Isolation and screening of endophytic fungi from three plants used in traditional medicine in Nigeria for antimicrobial activity

Prof. Adeleye Isaac Adeyemi

Abstract


Background: Endophytes represent a promising source of biologically active metabolites for pharmaceutical and agricultural
applications. Objective: This study was aimed to investigate the endophytic fungi diversity and the antimicrobial potential of three
popular medicinal plants (Alstonia boonei‐Ahun, Enantia chlorantha‐Awopa and Kigelia africana‐Pandoro) that have ethnobotanical history in Nigeria. Materials and Methods: The stem barks were used for isolation of endophytic fungi and fermented, and the cell free fermentation broths were subjected to antimicrobial screening against six human pathogens; Staphylococcus aureus, Enterococcus faecalis, Pseudomonas aeruginosa, Escherichia coli, Salmonella typhi and Candida albicans by using standard agar well diffusion method. Results: A total of ten endophytic fungi were isolated from the stem bark of the plants. Seven of these fungi were identified,which include; Aspergillus niger, Macrophomina spp., Trichoderma spp. and four different Penicillium species, while three of the isolated endophytes remained unknown. Furthermore, nine of the isolated endophytes showed potential antimicrobial activity against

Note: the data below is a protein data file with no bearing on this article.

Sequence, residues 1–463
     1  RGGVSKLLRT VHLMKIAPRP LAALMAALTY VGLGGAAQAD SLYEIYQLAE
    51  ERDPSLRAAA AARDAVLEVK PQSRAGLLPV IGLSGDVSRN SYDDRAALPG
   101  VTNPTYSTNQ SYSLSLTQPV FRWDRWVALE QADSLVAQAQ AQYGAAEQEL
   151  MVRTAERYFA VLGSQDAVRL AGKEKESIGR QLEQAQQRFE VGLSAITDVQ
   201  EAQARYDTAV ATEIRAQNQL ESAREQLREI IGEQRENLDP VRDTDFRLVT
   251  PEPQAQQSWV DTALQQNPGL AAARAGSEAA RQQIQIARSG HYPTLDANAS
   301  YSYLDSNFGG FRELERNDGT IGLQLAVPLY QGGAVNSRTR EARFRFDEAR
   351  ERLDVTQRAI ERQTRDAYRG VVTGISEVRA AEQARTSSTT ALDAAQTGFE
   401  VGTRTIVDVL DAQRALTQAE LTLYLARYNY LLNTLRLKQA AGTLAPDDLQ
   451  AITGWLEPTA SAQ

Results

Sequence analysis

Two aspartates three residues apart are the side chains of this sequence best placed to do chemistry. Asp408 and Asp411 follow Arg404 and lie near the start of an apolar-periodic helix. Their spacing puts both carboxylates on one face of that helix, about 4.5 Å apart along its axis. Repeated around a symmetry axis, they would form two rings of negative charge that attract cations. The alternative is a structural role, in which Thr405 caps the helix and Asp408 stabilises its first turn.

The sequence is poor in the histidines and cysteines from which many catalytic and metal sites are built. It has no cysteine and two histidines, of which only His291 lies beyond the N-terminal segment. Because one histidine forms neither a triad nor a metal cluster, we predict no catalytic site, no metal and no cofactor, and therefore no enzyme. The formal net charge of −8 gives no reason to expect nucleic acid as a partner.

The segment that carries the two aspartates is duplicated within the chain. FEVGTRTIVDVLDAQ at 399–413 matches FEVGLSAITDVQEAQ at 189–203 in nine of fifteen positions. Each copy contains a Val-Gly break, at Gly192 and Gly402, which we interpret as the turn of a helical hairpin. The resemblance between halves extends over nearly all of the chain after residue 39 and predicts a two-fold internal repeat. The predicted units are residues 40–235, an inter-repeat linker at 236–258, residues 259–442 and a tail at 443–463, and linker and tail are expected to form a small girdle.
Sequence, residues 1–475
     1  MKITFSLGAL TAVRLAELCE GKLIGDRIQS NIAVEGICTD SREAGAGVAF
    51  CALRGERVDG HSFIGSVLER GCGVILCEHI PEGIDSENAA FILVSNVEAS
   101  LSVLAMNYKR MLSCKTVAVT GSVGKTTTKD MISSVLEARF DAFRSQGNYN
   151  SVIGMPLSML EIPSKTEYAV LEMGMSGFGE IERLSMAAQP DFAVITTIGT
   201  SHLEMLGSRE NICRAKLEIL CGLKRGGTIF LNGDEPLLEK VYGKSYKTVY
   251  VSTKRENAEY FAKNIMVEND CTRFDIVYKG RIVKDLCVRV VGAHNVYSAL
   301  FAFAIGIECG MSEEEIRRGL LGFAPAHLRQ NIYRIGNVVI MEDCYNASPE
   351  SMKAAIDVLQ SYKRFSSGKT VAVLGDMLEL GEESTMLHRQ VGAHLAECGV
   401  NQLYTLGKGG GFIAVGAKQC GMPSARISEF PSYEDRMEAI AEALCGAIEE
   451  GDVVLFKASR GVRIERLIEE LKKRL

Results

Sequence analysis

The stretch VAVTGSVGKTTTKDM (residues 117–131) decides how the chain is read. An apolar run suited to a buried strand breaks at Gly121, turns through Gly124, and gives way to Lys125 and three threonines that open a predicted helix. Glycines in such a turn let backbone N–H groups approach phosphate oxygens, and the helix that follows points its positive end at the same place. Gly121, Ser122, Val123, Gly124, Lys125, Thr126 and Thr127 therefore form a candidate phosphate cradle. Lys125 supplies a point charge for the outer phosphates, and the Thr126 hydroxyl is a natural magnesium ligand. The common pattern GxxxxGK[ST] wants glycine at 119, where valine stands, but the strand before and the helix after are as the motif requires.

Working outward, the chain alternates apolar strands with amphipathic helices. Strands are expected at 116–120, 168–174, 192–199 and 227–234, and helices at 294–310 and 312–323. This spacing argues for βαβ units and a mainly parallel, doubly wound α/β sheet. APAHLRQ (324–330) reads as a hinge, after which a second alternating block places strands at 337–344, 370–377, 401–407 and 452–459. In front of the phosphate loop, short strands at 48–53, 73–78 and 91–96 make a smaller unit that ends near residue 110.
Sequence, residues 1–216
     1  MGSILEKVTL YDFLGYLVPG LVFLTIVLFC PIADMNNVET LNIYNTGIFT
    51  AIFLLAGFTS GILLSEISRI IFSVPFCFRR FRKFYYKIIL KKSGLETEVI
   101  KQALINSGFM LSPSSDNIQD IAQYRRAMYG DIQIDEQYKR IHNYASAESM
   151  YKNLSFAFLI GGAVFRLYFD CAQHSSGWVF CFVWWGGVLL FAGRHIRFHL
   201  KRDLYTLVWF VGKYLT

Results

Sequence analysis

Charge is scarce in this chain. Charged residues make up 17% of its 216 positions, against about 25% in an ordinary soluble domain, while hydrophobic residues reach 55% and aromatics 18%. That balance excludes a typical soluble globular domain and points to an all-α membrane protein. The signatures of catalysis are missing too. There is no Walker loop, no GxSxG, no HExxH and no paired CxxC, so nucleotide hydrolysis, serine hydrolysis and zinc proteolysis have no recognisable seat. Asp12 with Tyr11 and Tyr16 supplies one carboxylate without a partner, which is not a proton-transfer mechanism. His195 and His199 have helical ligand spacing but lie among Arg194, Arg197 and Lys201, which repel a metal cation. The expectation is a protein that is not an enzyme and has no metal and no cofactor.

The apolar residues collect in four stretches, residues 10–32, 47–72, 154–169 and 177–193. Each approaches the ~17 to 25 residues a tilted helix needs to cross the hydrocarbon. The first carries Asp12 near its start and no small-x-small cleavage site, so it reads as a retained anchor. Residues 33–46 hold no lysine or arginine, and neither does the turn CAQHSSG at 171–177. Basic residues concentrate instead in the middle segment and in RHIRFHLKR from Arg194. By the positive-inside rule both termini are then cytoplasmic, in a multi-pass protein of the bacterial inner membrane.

at least one of the six tested pathogens. Conclusion: This study shows that endophytic fungi inhabiting the inner tissue of medicinal plants studied may be the source of the curative properties of the plants.


Key words: Agar well diffusion, antimicrobial activity, endophytes, medicinal plant


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DOI: http://dx.doi.org/10.22377/ijgp.v9i1.439

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